Saturday, June 20, 2009

Strong support for Freedom Party amongst Christian voters

Dutch political landscape is splintering

The group of Dutch voters loyal to one party is diminishing. More parties are fishing for a share of the voters. It is getting more and more difficult to put together coalitions of 2 parties as was possible until the 90ies. There are seven parties that can count on roughly 18 percent of the electorate. This means coalition must have up to four parties to gain majorities and will lack stability and a mandate.

Christian parties solid political blocks

Of these people who vote for the Christian parties are regarded as a solid block. The largest, Christian Democrats (CDA) is a almagam of older parties, who were devided along confessional lines. Their voter base is shrinking due to deconfessionalisation. There is also the Christian Union (CU) and the SGP. These parties are small, but demografically stable as their electorate has a birth rate that off sets losses due to sheep wandering away from the flock.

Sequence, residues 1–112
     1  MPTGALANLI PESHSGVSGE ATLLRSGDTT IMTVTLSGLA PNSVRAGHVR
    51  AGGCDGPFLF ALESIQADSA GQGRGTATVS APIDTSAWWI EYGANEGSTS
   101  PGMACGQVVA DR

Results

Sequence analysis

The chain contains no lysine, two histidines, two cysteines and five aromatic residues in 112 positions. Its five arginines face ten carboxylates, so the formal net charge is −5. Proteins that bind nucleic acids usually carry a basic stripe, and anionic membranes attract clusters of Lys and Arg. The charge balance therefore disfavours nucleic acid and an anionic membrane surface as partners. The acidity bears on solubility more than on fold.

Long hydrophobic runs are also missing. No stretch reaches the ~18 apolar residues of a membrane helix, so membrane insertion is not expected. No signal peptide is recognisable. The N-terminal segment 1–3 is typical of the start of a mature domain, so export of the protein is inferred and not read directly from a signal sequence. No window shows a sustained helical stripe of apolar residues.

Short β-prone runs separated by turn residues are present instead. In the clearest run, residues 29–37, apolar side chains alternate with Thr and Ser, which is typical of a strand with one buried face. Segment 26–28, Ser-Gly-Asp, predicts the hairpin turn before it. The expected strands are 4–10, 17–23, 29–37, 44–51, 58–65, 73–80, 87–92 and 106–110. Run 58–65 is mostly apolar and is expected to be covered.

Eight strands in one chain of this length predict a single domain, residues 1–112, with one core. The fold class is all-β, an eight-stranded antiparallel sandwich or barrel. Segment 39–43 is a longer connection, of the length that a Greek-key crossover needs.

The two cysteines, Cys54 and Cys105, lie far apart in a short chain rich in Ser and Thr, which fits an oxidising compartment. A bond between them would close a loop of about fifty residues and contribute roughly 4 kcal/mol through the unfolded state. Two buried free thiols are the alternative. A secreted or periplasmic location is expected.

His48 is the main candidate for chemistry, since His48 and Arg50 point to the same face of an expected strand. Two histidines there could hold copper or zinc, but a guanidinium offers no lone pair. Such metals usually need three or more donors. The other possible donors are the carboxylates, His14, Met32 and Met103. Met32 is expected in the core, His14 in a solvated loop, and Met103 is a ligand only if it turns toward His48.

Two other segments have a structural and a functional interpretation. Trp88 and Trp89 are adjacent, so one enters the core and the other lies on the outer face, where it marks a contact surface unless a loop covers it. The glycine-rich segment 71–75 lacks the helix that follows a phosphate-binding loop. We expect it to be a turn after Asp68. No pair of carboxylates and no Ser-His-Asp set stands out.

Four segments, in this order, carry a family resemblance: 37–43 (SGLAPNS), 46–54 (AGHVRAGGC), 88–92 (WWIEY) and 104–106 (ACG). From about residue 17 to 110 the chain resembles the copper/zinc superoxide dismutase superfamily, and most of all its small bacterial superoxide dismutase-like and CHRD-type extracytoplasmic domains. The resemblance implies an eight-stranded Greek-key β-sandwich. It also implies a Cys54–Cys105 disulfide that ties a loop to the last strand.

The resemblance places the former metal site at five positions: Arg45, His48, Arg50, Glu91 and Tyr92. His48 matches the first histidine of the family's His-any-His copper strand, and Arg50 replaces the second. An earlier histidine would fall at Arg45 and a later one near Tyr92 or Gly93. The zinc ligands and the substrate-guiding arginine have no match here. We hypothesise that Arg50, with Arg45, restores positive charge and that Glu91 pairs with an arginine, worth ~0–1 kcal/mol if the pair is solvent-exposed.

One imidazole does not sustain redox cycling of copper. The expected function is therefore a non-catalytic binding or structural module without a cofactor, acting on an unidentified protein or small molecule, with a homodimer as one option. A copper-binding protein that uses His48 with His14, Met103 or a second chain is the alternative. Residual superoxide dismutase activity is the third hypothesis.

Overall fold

Rate of Defection

In spite of the reputation for solidness Christian voters are defecting to the Freedom Party at a considerable rate. Between 15 and 21 percent of those who identify with a confessional political party voted for the Freedom Party.

Ideological opposition to Multiculturalism and Islam

This means that the Christian parties, whose voters are outside the big cities are not safe. Their voting base is concerned about Multiculturalism despite not experiencing it in everyday life.

(This article is based on analysis by, a Dutch political opinion research firm)

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